Enhanced thermal transport in soft composites through magnetic alignment and contact engineering

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Description

Soft polymer composites with improved thermal conductivity are needed for the thermal management of electronics. Interfacial thermal boundary resistance, however, prevents the efficient use of many high thermal conductivity fill

Soft polymer composites with improved thermal conductivity are needed for the thermal management of electronics. Interfacial thermal boundary resistance, however, prevents the efficient use of many high thermal conductivity fill materials. Magnetic alignment of ferrous fill material enforces percolation of the high thermal conductivity fill, thereby shifting the governing boundary resistance to the particle- particle interfaces and increasing the directional thermal conductivity of the polymer composite. Magnetic alignment maximizes the thermal conductivity while minimizing composite stiffening at a fill fraction of half the maximum packing factor. The directional thermal conductivity of the composite is improved by more than 2-fold. Particle-particle contact engineering is then introduced to decrease the particle- particle boundary resistance and further improve the thermal conductivity of the composite.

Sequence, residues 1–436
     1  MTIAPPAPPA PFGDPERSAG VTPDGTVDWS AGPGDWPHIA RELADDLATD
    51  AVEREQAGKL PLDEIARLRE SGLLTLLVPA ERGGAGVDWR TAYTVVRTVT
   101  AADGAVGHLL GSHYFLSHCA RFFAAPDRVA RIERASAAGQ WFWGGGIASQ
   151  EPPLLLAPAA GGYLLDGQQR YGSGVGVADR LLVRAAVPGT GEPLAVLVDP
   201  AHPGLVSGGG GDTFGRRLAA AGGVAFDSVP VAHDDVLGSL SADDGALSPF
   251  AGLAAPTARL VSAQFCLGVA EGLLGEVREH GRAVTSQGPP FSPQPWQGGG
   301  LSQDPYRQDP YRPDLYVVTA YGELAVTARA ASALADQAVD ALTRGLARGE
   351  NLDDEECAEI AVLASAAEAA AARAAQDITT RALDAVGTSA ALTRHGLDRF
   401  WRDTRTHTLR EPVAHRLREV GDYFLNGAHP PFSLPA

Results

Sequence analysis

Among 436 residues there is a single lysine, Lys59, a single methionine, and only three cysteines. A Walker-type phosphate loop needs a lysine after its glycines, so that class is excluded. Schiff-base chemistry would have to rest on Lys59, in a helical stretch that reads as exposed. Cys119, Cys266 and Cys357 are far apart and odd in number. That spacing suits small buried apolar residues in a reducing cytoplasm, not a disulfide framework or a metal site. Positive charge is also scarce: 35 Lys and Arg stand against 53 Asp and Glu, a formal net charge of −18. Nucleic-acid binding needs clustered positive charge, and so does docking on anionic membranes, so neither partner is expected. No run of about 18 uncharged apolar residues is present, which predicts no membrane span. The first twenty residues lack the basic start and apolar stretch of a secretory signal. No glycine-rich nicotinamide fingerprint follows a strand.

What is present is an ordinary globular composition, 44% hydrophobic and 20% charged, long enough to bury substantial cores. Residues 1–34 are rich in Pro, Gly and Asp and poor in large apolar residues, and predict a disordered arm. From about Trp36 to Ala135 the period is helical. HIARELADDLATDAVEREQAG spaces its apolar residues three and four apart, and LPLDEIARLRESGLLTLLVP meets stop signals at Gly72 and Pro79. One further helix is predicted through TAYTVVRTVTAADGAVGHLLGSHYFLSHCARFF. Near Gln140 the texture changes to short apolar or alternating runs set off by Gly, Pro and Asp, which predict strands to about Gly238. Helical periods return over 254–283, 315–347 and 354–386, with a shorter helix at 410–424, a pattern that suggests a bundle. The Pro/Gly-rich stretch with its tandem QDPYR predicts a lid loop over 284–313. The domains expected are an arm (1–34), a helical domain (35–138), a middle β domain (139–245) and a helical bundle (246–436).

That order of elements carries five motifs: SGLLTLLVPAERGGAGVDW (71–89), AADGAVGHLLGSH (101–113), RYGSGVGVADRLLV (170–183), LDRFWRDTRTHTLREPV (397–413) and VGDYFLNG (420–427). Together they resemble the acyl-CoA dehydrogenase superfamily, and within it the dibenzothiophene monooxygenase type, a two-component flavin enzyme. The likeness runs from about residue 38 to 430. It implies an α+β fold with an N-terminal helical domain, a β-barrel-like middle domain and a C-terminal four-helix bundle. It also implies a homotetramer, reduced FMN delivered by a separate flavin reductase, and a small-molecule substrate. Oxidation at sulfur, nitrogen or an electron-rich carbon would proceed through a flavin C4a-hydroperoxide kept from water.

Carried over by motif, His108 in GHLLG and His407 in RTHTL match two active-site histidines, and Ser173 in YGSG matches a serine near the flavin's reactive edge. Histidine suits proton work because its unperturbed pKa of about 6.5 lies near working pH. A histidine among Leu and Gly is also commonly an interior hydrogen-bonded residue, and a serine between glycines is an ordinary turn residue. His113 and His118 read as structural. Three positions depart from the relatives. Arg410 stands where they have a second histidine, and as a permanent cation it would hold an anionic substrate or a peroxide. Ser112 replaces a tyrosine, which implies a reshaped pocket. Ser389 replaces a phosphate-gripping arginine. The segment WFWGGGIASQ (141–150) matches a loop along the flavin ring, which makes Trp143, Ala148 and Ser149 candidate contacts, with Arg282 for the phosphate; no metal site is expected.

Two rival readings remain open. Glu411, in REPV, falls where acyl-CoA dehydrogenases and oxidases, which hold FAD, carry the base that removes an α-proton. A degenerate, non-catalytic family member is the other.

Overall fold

The interface between rigid fill particles is a point contact with very little interfacial area connecting them. Silver and gallium-based liquid metal (LM) coatings provide soft interfaces that, under pressure, increase the interfacial area between particles and decrease the particle-particle boundary resistance. These engineered contacts are investigated both in and out of the polymer matrix and with and without magnetic alignment of the fill. Magnetically aligned in the polymer matrix, 350nm- thick silver coatings on nickel particles produce a 1.8-fold increase in composite thermal conductivity over the aligned bare-nickel composites. The LM coatings provide similar enhancements, but require higher volumes of LM to do so. This is due to the rapid formation of gallium oxide, which introduces additional thermal boundaries and decreases the benefit of the LM coatings.

The oxide shell of LM droplets (LMDs) can be ruptured using pressure. The pressure needed to rupture LMDs matches closely to thin-walled pressure vessel theory. Furthermore, the addition of tungsten particles stabilizes the mixture for use at higher pressures. Finally, thiols and hydrochloric acid weaken the oxide shell and boost the thermal performance of the beds of LMDs by 50% at pressures much lower than 1 megapascal (MPa) to make them more suitable for use in TIMs.